Tuesday, October 21, 2008

Combating the Common Cold

Two of the most common over-the-counter supplements for colds are vitamin C and echinacea. Whether they work is a matter of debate. In a study published earlier this year in "Annals of Allergy, Asthma and Immunology," hospital volunteers were tested to see if taking daily echinacea during the winter months would reduce the symptoms of respiratory tract infections compared with symptoms in volunteers taking placebos.

The group that took echinacea daily reported several sick days per person in an eight-week period; the group that took the placebo reported more sick days per person during the same period. The researchers were unable to conclude whether the difference was due to anything more than chance because of the small number of participants.

Similarly, no conclusive evidence has been published indicating that taking vitamin C supplements will reduce the frequency or duration of cold symptoms. Still, "treatment" with either echinacea or vitamin C is generally harmless, so I don't argue with my patients who swear by the effectiveness of these supplements.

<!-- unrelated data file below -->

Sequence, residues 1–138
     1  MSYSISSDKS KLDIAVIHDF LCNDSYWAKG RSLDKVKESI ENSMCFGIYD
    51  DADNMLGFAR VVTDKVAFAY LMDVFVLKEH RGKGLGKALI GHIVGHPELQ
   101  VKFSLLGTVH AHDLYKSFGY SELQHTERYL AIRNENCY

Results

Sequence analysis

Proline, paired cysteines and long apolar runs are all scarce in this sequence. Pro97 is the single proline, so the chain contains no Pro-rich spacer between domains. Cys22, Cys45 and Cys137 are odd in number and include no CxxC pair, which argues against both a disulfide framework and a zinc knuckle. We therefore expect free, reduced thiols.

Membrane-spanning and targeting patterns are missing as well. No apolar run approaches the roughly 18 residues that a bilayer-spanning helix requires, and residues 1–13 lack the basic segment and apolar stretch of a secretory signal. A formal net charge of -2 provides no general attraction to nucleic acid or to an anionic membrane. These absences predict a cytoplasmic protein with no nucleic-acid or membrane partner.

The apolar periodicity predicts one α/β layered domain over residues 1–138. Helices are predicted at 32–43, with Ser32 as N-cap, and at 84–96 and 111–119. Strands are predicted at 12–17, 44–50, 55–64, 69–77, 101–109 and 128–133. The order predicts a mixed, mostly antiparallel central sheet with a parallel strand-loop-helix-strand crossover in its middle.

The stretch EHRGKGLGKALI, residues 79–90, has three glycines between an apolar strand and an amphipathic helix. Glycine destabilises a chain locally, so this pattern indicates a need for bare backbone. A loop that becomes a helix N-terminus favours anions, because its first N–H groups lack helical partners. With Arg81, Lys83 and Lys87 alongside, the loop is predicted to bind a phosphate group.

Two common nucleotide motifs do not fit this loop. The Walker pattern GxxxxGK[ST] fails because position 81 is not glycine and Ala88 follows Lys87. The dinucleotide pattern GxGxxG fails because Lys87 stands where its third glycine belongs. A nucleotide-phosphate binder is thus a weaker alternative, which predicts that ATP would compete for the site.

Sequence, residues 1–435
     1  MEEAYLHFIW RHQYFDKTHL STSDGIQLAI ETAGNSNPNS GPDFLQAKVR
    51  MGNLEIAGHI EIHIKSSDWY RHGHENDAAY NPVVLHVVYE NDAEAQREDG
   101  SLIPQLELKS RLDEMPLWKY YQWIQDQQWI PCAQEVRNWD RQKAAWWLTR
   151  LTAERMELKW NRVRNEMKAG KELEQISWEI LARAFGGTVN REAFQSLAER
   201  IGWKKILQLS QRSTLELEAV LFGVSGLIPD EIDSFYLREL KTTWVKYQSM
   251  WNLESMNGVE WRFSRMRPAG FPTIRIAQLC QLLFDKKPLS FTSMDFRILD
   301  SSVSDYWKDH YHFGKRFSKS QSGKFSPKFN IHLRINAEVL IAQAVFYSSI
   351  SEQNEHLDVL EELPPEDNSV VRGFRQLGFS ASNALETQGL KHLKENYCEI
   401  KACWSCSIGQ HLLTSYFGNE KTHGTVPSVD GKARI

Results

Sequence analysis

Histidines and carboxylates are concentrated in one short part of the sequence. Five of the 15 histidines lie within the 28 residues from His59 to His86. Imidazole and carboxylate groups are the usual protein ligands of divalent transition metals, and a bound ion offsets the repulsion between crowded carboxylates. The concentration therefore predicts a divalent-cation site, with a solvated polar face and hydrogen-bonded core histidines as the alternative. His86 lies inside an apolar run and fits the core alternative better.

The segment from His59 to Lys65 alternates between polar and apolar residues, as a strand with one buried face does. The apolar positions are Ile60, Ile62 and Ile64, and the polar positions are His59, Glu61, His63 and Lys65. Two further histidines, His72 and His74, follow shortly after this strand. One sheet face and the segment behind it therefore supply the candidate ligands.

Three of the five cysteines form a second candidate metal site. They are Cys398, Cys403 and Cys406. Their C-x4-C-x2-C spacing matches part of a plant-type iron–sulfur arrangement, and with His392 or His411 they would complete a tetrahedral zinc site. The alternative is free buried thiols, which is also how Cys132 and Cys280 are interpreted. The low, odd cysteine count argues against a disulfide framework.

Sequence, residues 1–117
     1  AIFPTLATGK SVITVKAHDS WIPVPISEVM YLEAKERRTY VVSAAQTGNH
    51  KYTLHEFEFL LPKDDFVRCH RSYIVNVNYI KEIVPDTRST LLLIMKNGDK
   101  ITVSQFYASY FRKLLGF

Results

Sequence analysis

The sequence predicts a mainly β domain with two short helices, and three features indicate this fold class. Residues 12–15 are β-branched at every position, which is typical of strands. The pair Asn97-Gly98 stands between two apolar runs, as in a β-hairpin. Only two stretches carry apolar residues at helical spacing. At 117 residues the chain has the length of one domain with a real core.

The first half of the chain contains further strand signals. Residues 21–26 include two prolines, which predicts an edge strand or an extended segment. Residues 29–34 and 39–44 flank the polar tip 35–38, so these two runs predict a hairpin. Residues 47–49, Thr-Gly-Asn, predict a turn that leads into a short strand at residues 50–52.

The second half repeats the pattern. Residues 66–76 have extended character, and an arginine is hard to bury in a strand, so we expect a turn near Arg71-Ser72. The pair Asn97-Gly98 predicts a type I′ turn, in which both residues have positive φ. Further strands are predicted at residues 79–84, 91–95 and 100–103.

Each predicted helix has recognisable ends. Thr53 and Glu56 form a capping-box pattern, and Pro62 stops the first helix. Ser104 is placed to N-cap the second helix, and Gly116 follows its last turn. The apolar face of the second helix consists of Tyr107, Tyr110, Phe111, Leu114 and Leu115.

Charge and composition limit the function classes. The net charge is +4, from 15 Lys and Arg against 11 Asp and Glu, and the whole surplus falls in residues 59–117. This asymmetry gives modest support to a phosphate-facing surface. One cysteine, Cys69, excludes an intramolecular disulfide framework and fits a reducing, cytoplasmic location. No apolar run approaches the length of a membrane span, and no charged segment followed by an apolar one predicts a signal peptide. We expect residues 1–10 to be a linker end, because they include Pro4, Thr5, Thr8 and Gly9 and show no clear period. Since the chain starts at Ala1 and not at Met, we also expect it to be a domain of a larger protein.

But all it really takes is a little attention. If you focus on what I call the "4H" approach, you'll be able to prevent and treat a cold:

Hand-washing. Conscientiously washing your hands after exposure to anyone with a cold will reduce your chances of being infected.

Hydrate. Drink plenty of fluids. Your body loses fluid as a result of fever that may accompany an infection. Cold viruses cause your body to produce excess phlegm, and drinking water will help keep that phlegm from thickening and drying out.

Heat. A fever is nature's way of making your body inhospitable to intruders, so resting in bed and staying warm with blankets can help Mother Nature help you.

Help. Acetaminophen and non-steroidal anti-inflammatory agents ease muscle aches and pains as well as sore throats; antihistamines help decrease drainage in nasal passages; mucus-thinning agents reduce the thickening and buildup of phlegm; and decongestants work to keep the sinuses more open. Talk with your doctor about the right medicine for your needs.

from USA Weekend Oct 3-5, 2008 edition. http://www.usaweekend.com. Tedd Mitchell, M.D., president and CEO of Dallas' Cooper Clinic, writes HealthSmart every week.

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